Friday, September 19, 2008

We Only Hurt the Ones We Love

About a month or so ago, I was at the DMV getting my driver’s license renewed. As is common there was a fairly long wait. I was sitting there, observing my surroundings and meditating a bit. A man and woman came in and sat down across from me with their son (maybe 4 or 5 years old). The boy was interested in exploring a bit, but not straying far from his parents. The father decided the boy should be sitting in a chair next to him rather than wandering about. After the boy was placed in his chair, he got bored and got up to stand in front of his chair. The father gently popped his behind and told him to sit down. The boy really didn’t want to so the father decided it was time for some disciplinary action because the boy was not obeying. So, the man took the boy by the arm and walked him down a hallway to spank him. The boy knew what was coming and started to cry, causing much more disturbance than the boy was causing before.

When they came back the boy was sniffling a bit and the father placed him in the chair next to him. The boy got up and wanted to go sit on the other side next to his mother. The father was insistent that the boy sit next to him (the mother was reading something and not getting involved). When the boy went to sit next to his mother, against his father’s wishes, the man took the boy again by the arm down the hall. This time the boy was crying much louder than before and trying to pull away. He said through his tears, “I just want to be good.” Despite the boy’s plea, the father proceeded to take him down the hall and discipline him. It was very heart breaking and frustrating to watch.

When they came back the boy went over and sat by his mother, which was allowed this time. Meanwhile, I was grappling with my own emotions over what I had witnessed. I felt extreme compassion for the little boy who was just trying to be good. But I was having problems having compassion for the father. I thought about how this man was probably raised the same way and was under the impression this was the best way to raise a child. I thought about how this child’s karmic disposition placed him in this situation to somehow shape his life in unimaginably positive ways. I thought about the mother who stayed out of it the whole time, wondering if she had been taught by her husband not to get involved.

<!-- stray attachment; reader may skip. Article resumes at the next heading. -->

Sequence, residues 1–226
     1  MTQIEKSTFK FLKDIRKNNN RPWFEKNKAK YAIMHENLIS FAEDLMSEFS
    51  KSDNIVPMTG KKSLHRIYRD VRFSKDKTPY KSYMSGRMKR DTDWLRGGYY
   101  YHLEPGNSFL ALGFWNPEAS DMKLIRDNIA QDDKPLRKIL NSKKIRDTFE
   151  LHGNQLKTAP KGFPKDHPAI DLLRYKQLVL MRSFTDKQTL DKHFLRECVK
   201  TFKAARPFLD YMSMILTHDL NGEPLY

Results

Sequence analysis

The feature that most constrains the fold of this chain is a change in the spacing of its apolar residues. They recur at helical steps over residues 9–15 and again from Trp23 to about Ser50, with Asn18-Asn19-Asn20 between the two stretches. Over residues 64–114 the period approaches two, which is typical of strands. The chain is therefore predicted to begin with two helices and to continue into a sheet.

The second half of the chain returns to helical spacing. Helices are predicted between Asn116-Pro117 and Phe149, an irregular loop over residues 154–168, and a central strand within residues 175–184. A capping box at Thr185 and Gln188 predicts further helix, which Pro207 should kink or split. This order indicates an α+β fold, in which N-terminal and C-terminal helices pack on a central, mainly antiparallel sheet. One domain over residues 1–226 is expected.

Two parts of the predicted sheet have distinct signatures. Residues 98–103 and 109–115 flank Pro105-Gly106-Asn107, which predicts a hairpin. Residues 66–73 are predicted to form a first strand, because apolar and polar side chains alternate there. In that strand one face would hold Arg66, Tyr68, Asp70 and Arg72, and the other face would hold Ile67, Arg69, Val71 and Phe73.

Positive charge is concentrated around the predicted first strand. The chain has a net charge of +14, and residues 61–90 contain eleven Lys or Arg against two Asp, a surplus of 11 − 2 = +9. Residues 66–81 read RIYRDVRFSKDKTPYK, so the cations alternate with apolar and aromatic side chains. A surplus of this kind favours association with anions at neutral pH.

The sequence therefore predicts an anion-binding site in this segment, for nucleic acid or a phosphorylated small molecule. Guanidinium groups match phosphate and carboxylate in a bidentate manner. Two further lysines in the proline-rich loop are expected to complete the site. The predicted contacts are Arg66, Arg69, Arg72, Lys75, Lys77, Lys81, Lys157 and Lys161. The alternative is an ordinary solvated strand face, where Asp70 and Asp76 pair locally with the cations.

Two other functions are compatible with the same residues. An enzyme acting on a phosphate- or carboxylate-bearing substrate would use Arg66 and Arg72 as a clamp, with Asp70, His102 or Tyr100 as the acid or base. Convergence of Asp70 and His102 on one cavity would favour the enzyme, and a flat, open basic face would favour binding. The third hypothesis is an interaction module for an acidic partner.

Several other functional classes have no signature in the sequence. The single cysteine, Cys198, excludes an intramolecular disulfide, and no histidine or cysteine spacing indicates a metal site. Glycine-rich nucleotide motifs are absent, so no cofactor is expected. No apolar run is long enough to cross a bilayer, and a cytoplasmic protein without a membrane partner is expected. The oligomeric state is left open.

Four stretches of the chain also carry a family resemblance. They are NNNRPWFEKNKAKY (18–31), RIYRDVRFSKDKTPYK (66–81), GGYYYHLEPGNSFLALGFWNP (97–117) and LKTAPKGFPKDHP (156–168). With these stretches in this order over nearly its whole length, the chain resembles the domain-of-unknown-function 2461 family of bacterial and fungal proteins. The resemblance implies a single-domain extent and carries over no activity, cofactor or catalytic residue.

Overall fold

Despite all of this, I was still feeling anger toward the man. I tried doing The Work in my mind which lead me to remember something Byron Katie said in one of her books. She was asked how she would react if she saw a mother in a store abusing her children in some way. Katie said that she would see that and remember a time when she too felt that way, angry and confused at her children, lashing out at them. She said she might approach the woman with a deep compassion and ask if she could help, or even tell the woman that she too had been in her situation.

Since I have never been a parent I couldn’t quite identify from that perspective. But then it hit me. A few days earlier, my wife Shelby, and I were out running some errands. We had stopped at a store and I was going to run in for something. Shelby asked me something about getting a bite to eat while we were out, and I said something out of frustration, dismissing the idea as I got out of the car. As I got into the store I was struck by what had just happened. I saw Shelby’s face and mood go from upbeat to defeated. I saw the smile disappear from her face. I almost started to cry when I replayed the scene in my head.

I thought to myself, “What have I done?” “How could I be so unfeeling?” “How many times have I done that and not realized it?” She was trying to be nice and I had just acted pissy. I basically reacted out of unconscious habit, which I’ve been doing most of my life, causing unnecessary suffering each time. This time I caught it and I felt the pain it caused. I got a glimpse of true compassion. When I got back to the car I apologized for my behavior and resumed the conversation I had so rudely cut off.

Once the memory of this came back to me at the DMV, I was able to look at the man and see myself in him. I have been just as abusive to my loved ones without knowing it. How could I condemn someone else for doing something I myself have done in one form or another? I then felt compassion for this man (who is me) hurting the one he loves most out of total unconsciousness. It makes me want to cry thinking back on it all.

In hindsight I can see clearly that we are all just trying to be good. But when we are punished for it we shut down. It’s a self defense mechanism to protect us from getting hurt again. We begin to put up barriers to prevent future pain, barriers which also cut us off from love.

I can look back and find countless ways in which I have hurt my loved ones, which can lead to deep feelings of guilt and shame. But guilt can be a teacher showing us that there is a better way. The better way is to become fully conscious of our habitual thoughts and transcend them. Be willing to drop the barriers we have put up. Find compassion for all of our fellow human beings.

Now, when I find myself judging someone else, I just take a quick look and see that I too have been just like that, felt just like that, acted just like that. I am no different from anyone else on this planet. I have no one left to judge but myself.
Lots of Love,